Sony Xperia Z
Sony’s Z should be hitting the shelves in the UK any day now, making it the first 5-inch, 1920 x 1080 blower from a major name to go on sale here. Water and dust resistant to IP55 and 57 standards, and with a frame made from glass fibre polyamide, the Z promises to be a tough little box of tricks. Thanks to a quad-core 1.5GHz Qualcomm Krait APQ8064 chip and 2.2Mp and 13.1Mp cameras - the latter with Sony’s “Exmor RS” sensor branded like its camera line - the internal gubbins sound impressive too. Storage is pegged at a so-so 16GB with Micro SD expansion but the battery boasts a healthy 2330mAh.
At only 7.9mm thick and 146g heavy, the Z feels quite dainty in the hand and the understated and rather square design has a pleasing simplicity about it. Thanks to Sony’s Bravia Engine image processing system, the screen looked very colourful and crisp even under the glaring neons of the CES exhibition halls. Being a Sony, the Android operating system is heavily modified and you get a fair few bespoke Sony apps, which is either a good or bad thing depending on your viewpoint. Nice to see the lanyard eye make a reappearance though.
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ZTE Grand S
ZTE blows its nose in the general direction of puny phablets with 1.5GHz quad-core chips by offering one with a 1.7GHz chip. Actually it’s the same Qualcomm APQ8064 that’s to be found in the Xperia Z, just clocked a little closer to a meltdown. Only 6.9mm thick, the Grand S is the thinnest device here but thanks to a polycarbonate unibody it still feels stiff and solid. The Twiggy profile has come at the expense of battery size, though - 1780mAh is borderline useless, especially for a 4G/LTE handset with dual-band Wi-Fi.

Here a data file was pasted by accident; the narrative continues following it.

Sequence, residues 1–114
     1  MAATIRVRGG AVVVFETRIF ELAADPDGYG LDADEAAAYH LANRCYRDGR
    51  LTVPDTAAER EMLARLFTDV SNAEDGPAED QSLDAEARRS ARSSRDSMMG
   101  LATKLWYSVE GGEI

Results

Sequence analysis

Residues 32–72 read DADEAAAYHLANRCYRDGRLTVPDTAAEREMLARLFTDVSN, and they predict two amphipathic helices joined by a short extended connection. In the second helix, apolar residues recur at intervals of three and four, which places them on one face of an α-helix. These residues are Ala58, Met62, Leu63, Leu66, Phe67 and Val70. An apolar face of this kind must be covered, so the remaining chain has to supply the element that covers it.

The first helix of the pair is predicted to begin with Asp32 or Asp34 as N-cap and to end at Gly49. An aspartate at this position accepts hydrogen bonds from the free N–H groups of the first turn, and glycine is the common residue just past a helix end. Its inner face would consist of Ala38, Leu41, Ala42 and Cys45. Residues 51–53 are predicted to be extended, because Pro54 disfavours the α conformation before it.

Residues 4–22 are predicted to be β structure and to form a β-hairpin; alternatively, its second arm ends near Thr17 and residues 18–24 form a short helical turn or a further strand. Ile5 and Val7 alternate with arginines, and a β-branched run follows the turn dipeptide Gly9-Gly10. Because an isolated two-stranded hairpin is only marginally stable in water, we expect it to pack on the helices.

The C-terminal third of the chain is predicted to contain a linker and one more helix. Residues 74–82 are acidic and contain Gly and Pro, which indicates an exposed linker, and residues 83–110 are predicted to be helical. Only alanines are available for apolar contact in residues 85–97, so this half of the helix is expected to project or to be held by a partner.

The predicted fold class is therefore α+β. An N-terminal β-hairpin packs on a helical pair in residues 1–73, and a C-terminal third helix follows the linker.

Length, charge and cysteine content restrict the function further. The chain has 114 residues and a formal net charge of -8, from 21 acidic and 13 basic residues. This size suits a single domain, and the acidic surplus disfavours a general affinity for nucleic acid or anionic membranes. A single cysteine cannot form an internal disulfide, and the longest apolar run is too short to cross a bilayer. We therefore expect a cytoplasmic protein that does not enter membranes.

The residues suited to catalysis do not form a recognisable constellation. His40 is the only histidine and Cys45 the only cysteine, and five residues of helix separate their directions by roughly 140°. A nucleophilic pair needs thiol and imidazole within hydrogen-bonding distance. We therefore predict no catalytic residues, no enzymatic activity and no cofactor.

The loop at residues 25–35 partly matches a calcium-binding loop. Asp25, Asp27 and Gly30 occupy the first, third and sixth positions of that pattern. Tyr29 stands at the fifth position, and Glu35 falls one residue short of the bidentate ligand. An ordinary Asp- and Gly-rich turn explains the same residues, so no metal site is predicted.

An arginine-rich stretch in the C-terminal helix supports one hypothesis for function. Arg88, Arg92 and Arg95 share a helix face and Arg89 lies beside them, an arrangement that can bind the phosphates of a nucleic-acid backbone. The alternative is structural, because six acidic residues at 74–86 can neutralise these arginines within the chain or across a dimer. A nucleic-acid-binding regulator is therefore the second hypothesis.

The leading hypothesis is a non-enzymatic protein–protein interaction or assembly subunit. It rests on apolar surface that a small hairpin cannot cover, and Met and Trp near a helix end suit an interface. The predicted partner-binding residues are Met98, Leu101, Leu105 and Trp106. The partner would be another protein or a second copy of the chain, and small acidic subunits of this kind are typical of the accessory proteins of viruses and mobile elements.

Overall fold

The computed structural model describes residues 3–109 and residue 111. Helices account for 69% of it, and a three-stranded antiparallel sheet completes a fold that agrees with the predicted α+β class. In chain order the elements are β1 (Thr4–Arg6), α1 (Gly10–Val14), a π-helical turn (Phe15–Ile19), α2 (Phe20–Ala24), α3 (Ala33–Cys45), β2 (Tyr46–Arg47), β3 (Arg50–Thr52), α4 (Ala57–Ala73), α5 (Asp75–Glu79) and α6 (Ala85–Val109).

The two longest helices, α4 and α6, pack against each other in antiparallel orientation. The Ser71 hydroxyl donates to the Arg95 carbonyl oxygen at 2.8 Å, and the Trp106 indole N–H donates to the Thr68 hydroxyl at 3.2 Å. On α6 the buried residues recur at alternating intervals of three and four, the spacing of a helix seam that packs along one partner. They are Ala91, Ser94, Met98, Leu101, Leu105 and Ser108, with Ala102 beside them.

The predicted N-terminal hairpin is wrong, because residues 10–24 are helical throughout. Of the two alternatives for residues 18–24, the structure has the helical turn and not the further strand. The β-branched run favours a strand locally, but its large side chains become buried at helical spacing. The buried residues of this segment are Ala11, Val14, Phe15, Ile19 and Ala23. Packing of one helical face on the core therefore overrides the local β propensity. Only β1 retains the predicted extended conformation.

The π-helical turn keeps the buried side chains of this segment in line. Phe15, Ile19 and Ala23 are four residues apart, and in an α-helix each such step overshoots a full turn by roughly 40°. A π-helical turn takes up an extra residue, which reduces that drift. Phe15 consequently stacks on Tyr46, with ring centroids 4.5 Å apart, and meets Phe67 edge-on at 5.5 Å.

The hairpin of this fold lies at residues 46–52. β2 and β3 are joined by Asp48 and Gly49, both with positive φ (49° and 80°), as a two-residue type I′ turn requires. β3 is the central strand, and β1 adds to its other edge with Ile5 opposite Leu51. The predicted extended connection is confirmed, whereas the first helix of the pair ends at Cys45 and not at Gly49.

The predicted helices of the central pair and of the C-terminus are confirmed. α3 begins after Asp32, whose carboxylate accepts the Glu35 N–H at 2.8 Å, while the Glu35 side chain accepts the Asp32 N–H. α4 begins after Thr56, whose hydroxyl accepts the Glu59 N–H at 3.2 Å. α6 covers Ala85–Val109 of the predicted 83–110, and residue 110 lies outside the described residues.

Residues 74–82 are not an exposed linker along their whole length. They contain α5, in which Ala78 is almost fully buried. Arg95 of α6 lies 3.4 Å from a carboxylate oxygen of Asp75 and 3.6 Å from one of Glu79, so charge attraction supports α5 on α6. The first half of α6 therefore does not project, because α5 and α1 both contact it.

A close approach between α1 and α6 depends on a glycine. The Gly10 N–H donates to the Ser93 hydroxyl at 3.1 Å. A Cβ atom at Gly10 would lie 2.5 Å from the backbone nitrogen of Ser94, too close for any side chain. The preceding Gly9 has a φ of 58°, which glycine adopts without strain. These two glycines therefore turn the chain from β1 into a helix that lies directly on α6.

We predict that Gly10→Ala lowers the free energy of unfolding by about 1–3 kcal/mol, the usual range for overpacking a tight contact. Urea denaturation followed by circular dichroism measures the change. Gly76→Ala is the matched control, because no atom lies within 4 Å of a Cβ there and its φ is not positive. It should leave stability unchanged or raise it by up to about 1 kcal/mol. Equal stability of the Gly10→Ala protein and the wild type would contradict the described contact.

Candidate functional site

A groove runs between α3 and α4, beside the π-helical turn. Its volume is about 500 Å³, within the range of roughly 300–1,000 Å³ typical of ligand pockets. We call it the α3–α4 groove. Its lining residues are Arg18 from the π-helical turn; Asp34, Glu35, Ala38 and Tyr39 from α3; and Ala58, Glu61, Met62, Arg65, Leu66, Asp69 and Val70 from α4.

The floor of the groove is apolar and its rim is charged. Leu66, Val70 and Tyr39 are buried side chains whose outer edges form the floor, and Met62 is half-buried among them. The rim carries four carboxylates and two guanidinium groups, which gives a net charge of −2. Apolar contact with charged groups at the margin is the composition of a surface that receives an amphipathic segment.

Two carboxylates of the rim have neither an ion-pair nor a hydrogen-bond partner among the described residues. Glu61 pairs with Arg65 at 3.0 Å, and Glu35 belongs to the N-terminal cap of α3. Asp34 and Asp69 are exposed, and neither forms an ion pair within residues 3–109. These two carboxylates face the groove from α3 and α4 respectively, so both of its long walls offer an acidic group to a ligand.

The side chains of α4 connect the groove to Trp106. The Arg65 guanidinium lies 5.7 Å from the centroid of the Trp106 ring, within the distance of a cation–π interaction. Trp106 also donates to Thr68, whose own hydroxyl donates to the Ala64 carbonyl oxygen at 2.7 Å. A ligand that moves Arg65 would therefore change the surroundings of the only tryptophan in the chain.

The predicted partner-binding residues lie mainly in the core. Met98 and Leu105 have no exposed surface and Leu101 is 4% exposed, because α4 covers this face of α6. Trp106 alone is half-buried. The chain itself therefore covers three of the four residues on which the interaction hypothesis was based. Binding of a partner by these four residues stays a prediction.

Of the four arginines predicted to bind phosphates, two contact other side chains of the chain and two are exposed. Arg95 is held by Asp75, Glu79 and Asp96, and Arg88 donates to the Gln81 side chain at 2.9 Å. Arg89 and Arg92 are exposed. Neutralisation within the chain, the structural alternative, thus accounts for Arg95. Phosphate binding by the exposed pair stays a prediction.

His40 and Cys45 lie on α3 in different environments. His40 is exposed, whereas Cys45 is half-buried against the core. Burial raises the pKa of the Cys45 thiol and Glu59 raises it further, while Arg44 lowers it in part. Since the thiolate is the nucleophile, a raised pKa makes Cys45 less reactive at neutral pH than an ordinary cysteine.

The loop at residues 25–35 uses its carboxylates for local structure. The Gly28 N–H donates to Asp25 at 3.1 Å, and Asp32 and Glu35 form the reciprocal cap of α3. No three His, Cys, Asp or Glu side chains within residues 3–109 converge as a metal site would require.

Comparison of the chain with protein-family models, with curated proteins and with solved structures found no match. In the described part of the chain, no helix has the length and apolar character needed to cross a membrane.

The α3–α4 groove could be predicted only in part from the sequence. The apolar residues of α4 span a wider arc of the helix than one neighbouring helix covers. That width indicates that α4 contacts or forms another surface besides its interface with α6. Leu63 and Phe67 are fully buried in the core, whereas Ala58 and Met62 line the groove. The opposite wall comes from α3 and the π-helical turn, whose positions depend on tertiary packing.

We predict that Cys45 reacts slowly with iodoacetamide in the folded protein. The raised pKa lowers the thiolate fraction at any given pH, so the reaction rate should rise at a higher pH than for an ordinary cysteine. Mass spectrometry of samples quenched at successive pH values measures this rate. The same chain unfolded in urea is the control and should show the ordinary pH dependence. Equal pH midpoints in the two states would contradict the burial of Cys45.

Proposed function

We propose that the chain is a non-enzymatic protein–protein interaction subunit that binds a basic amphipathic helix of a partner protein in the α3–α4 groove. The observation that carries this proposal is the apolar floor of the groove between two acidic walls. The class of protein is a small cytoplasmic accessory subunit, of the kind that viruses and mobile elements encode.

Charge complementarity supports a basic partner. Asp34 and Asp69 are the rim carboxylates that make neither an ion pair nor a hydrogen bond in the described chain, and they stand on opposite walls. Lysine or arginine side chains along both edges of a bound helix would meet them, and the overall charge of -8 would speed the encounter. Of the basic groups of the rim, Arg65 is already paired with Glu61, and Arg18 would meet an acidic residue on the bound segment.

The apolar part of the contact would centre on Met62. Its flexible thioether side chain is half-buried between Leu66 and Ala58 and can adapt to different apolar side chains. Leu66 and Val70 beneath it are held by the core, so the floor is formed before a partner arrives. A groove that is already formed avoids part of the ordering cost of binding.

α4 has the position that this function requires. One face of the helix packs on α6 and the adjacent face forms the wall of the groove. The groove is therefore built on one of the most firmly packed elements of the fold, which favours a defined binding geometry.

In the flesh, the 5-inch, 1920 x 1080 screen looks a little lacklustre and dull. To be honest, the UI didnt operate with quite the same degree of fluidity as the likes of the Xperia Z. But it was an early pre-production model so both failings may well get a fix before the Grand S is launched. The S runs a ZTE-warmed over version of Android Jelly Bean complete with something called a “Settings Orb” which sits on top of any open apps and lets you access the home, back, menu and frequent apps buttons at any time. Note quite sure I see the point of that. It’s quite possible that the Grand S will crop up in the UK as part of a deal with Phones4U.
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